Ripple executive predicts Asia will fuel payments innovation


Daniel Webber
Daniel Webber
Founder & CEO
Daniel is Founder and CEO of FXcompared and has 18 years of experience in the international finance world focusing on cross-border payments, technology and the property sectors. Daniel is widely… Read more
  • Marcus Treacher, who serves as SVP for customer success at Ripple, said Asia has “perhaps the greatest need for a better payments infrastructure”
  • In an interview with FinTech magazine, he covered other important ground including “banking-as-a-service” and the role of the cloud
  • He also discussed “micropayments” and the role they could play in the remittance sector in 2020

A senior figure at one of the world’s most famous blockchain-powered payments platforms has predicted that Asia will be the hub of payments innovation in the future.

In an interview with FinTech magazine, Marcus Treacher – who serves as Ripple’s senior vice president of customer success – made the prediction that online money transfer options would surge in Asia.

Pointing out that “80% of the volume in digital asset trading coming from Asia”, he suggested that this key node in the global financial ecosystem had “perhaps the greatest need for a better payments infrastructure”.

“Blockchain has played a key role in this innovation, with its ability to make micro-transactions such as loans, payments, remittances - much more efficient and transparent”, he said.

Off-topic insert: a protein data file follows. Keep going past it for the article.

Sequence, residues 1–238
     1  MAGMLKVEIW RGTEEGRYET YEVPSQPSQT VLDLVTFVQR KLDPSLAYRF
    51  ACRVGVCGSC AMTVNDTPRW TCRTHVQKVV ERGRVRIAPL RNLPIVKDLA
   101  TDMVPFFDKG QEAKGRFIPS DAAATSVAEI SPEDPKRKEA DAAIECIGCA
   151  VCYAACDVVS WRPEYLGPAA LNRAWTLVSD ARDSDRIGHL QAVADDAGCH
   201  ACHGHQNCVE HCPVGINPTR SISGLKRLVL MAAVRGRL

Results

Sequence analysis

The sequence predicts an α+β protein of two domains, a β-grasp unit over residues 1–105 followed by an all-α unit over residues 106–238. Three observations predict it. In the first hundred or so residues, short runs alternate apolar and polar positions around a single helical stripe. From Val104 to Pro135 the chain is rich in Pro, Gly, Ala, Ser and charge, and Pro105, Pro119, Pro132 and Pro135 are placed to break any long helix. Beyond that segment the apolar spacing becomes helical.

He also covered a range of other topics in the interview.

He argued that “micropayments” will continue to be popular – and could even rise in potential.

“The use case for micropayments has traditionally been confined to messaging apps like Telegram and Line”, he said.

“But with big tech companies introducing payment services of their own, we can expect a surge of developers flocking to digital assets as the solution to keep up with in-app, real-time payment processing demand”, he added.

Turning to the potential of “banking-as-a-service”, he also said that there would be a move towards the cloud for many providers in this space.

“As technology costs associated with running and development continue to climb, we can expect banks will turn to cloud providers of banking technology to help radically reduce these costs”, he said.

“Because cloud-hosted banking technology providers have developed new platforms with modern methods, they are ideally placed to easily and cheaply plug into emerging blockchain networks, AI engines and other categories of fintech”, he added.

In recent years, Ripple has turned itself into a market leader when it comes to blockchain-powered remittance services.

It now has more than 300 financial services organisations and institutions in its network, and the number is growing.

As a model, it tends to develop partnerships with organisations.

Once a partnership is in place, Ripple is then able to assist the institution with any liquidity problems through blockchain-focused solutions.

One of its products is called ODL, or “on-demand liquidity” – although not all Ripple partners use this.

Another product offered by Ripple, called XRP, is a cryptocurrency in its own right.

Ripple, blockchain and other terms in the cross border payments sector can seem confusing at first glance.

However, they don’t have to be: by reading our magazine pages, you can keep ahead of the curve and be in the know.

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